Here’s What Happens During Bone Grafting

Mar 14, 2023
Here’s What Happens During Bone Grafting
Sometimes a bone graft is needed so you can enjoy the lifelong benefits of sturdy dental implants. Read on to learn what you can expect from this type of oral surgery.

Dental implants are undeniably the best replacement option for missing teeth, but they’re also the most complex. Remarkably, your jawbone fuses with the dental implants to support them permanently as they hold onto your custom crown, bridge, or denture. Dental implants work just like your natural teeth, allowing for flawless speaking and chewing. 

Unfortunately, everyone isn’t a candidate for dental implants. John P. Freeman, MD, DDS, FACS, guides you through the careful evaluation and planning process to find out if you’re ready for dental implants from his self-titled practice in Katy, Texas. 

Based on the results of your appointment, Dr. Freeman might inform you that you need a bone graft before proceeding with implant surgery. If you’re not initially a candidate for dental implants because of low density in your jawbone, bone grafting could be the key to making you the perfect candidate. 

Why do I need a bone graft? 

Bone grafting is necessary for many people because they’ve lost bone density in their jaw. Daily, two processes are going on in your jawbone: resorption and ossification. Ossification is the creation of new bone cells, while bone resorption is the breakdown and removal of older bone cells.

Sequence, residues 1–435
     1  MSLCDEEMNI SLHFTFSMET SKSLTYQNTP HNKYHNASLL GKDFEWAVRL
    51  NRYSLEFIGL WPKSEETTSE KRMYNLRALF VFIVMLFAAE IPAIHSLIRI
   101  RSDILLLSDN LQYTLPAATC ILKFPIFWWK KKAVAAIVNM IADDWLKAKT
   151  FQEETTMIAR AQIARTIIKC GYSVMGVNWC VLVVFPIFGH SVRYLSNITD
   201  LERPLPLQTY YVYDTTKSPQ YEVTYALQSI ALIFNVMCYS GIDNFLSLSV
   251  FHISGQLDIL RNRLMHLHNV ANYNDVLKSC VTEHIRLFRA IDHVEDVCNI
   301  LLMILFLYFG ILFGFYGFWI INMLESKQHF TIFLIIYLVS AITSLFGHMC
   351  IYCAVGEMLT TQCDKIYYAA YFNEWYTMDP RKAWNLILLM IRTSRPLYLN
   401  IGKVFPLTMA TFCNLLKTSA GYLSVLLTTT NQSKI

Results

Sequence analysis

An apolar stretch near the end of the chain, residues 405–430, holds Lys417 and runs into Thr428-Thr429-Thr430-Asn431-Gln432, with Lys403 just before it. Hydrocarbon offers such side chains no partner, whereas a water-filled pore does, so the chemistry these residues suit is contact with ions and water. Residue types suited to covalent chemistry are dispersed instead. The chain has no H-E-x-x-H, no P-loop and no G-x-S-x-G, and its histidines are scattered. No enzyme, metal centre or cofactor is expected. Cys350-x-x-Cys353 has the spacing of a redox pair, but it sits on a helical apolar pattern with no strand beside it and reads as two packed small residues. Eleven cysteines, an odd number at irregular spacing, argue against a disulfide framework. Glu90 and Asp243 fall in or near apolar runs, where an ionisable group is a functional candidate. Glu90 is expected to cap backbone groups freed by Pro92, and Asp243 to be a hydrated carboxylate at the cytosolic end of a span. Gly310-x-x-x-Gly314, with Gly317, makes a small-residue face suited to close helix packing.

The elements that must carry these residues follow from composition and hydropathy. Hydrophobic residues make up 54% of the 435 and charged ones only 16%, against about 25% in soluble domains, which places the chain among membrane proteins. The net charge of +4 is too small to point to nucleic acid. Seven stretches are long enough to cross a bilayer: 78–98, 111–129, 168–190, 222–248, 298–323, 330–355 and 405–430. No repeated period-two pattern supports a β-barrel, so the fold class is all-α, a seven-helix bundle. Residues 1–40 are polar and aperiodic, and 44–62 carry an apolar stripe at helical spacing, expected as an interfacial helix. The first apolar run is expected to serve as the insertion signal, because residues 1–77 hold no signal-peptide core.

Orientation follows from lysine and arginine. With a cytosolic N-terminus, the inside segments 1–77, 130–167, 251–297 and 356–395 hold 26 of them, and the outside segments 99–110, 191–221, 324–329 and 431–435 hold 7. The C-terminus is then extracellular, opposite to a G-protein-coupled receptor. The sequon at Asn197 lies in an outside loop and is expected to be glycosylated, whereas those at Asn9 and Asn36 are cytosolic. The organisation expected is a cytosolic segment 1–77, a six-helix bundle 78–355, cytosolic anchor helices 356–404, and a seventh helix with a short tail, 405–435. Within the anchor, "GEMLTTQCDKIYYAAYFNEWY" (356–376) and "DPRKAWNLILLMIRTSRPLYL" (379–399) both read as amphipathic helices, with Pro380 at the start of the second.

The roots of your teeth anchor them into your jawbone. When you lose a tooth and its root, the process of ossification can’t keep up with the rate of bone resorption. Over time, your bone loses mass. 

Dr. Freeman finds out if you need a bone graft during your initial tooth replacement consultation. An X-ray shows your jawbone and allows Dr. Freeman to look for weak spots that require grafting before you get dental implants or Teeth in a Day

Selecting a graft type

Before performing your bone graft for dental implants, Dr. Freeman must decide how to source the bone material he’ll place in your jaw. You have multiple options, including:

  • Autograft tissue - tissue taken from somewhere else in your body
  • Xenograft tissue - bone from an animal donor
  • Alloplast graft - synthetic bone material
  • Allograft tissue - material from another human donor

No matter the source of your graft, your natural bone will grow around it. Through the process of ossification and resorption, your body eventually replaces the entire graft with new and natural bone. 

Bone graft surgery

Not every dental bone grafting surgery is exactly alike. Dr. Freeman chooses a technique based on where you need an implant, how much bone is lost, whether you need a tooth extraction, and other factors. Common techniques include sinus lift surgery and ridge augmentation. 

During surgery, Dr. Freeman numbs the area with local anesthesia. You may have the option for sedation if you’re anxious about your surgery or have trouble sitting still for its duration. 

Once your jaw is numb, Dr. Freeman makes an incision and pulls back the tissue to reveal the underlying bone. He disinfects the tissue before placing the grafting material in the bone. Before repositioning your gum tissue and closing the incision, he might place an extra membrane for protection. 

Contact our office today

If you’d like to learn more about dental implants for tooth replacement and find out if you need a bone graft first, call the office of John P. Freeman, MD, DDS, FACS, or book a consultation online today.